Aug 11, 2010

Immigration Crackdown and the Border: today's news

U.S. House approves $600 million to improve security in Texas, other border states(This article gives details of where the money is going.)The U.S. House on Tuesday, Aug. 10, approved legislation authorizing $600 million in federal funding to beef up security along the U.S.-Mexico border, including an additional 1,000 U.S. Border Patrol officers. The bill goes back to the U.S. Senate for final approval. President Obama is expected to sign the measure. August 10, 2010, The Examiner

Secure Communities immigration program spreads at border and in Texas: "The Department of Homeland Security said today that its Secure Communities program is now in use at all 25 border counties (of Texas). The jail screening program links local government computers with two federal databases on criminal records and 'immigration encounters' with Homeland Security. ...

Today, three groups suing the federal government for more disclosure on how the program works said many of those picked up under the program don't have criminal records. As for those who have committed civil offenses under the federal Immigration and Naturalization Act, one attorney said usage of the program by local law enforcement agencies should be stopped because it poisons community relations for local police in immigrant communities." August 10, Dallas Morning News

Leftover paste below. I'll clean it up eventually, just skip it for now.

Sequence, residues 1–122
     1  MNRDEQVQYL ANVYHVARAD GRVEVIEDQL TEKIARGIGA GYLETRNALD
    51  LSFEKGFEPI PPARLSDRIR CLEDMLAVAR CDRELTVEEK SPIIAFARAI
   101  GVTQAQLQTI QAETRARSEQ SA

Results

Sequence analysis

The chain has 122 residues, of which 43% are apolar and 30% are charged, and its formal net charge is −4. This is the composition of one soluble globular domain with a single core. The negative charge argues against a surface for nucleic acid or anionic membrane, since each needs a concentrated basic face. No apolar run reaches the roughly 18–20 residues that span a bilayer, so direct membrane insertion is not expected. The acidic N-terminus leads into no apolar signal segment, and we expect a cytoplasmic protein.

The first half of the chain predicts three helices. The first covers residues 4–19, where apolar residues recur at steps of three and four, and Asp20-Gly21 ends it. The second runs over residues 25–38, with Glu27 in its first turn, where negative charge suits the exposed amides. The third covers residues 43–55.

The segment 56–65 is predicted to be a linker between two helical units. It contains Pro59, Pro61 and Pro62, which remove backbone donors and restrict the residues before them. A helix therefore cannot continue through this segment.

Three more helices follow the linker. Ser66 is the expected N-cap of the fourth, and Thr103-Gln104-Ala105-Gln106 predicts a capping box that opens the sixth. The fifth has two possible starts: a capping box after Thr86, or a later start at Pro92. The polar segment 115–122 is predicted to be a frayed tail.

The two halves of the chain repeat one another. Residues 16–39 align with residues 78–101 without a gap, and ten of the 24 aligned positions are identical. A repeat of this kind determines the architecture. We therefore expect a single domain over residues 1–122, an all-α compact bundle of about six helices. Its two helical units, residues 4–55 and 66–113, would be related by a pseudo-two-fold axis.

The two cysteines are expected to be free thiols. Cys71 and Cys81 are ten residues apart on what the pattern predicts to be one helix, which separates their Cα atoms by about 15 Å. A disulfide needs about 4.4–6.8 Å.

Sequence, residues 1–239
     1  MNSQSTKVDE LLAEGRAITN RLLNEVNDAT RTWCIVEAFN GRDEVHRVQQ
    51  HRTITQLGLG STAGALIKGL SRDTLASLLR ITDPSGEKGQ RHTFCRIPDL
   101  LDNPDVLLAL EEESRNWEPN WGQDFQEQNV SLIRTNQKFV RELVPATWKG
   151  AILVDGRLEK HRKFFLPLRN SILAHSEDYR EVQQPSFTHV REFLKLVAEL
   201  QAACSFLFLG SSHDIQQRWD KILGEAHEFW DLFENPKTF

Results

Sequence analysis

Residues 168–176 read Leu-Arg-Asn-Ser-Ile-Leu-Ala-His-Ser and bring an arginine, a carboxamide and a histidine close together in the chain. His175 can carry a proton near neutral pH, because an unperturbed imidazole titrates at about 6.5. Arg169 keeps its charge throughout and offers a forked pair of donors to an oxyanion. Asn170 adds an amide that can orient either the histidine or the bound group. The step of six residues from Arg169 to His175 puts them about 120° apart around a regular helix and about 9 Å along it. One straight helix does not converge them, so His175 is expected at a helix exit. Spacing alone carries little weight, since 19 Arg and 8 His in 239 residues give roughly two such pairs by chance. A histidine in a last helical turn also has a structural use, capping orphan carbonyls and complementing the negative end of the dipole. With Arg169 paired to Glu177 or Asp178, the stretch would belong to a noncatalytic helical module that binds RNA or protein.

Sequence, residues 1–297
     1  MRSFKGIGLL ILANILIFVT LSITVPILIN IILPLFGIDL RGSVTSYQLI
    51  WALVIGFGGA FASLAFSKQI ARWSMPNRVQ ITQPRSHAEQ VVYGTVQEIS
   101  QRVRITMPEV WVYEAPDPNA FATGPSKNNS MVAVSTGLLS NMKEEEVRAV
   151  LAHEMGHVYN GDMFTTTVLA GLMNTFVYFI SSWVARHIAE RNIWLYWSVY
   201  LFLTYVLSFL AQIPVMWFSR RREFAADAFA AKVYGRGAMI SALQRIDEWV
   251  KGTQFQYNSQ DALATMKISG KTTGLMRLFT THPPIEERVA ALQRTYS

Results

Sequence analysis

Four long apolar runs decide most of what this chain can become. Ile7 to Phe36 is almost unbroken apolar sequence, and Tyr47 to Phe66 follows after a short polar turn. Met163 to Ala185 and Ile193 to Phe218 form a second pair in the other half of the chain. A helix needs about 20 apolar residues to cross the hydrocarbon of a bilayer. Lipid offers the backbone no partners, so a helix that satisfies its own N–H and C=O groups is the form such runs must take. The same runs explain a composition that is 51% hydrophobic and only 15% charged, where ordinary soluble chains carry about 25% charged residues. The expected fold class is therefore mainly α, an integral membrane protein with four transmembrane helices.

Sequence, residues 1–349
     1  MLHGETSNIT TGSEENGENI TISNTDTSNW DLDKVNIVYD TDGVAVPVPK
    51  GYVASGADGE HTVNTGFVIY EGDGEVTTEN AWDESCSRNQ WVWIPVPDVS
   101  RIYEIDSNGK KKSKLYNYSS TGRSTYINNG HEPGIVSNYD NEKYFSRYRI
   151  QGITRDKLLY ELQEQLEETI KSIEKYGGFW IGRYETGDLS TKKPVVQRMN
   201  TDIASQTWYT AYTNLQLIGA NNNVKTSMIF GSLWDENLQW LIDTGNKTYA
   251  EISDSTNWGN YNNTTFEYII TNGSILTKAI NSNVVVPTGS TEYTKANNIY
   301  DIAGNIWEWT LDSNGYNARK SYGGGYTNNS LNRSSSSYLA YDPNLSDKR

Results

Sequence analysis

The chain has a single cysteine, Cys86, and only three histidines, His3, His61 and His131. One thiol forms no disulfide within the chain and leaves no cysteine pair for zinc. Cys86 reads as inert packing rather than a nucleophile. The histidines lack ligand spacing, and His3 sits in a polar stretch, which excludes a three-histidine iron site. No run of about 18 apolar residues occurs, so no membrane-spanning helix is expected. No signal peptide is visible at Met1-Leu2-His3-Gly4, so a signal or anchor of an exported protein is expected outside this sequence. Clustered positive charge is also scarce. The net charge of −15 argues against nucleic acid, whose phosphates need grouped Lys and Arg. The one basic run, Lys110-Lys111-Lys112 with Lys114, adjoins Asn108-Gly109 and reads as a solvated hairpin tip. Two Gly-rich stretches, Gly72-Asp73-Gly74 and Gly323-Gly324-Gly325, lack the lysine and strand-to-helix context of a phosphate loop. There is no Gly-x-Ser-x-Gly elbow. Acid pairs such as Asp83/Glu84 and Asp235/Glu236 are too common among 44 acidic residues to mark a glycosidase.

'Arizona style' immigration law for Florida introduced:

"Florida Attorney General Bill McCollum and State Rep. Bill Snyder, R-Stuart, today jointly introduced to the public the draft of an 'Arizona style' immigration enforcement law that they hope will be passed by the Florida legislature.

The bill would obligate Florida law enforcement agents to inquire about the immigration status of people they encounter in the pursuit of their duties when they have a 'reasonable suspicion' that those people may be in the country illegally. The law would require those law enforcement agents to detain anyone in the country illegally and that those not under arrest for some other crime be turned over to federal immigration agents for deportation." August 10, 2010, Palm Beach Post

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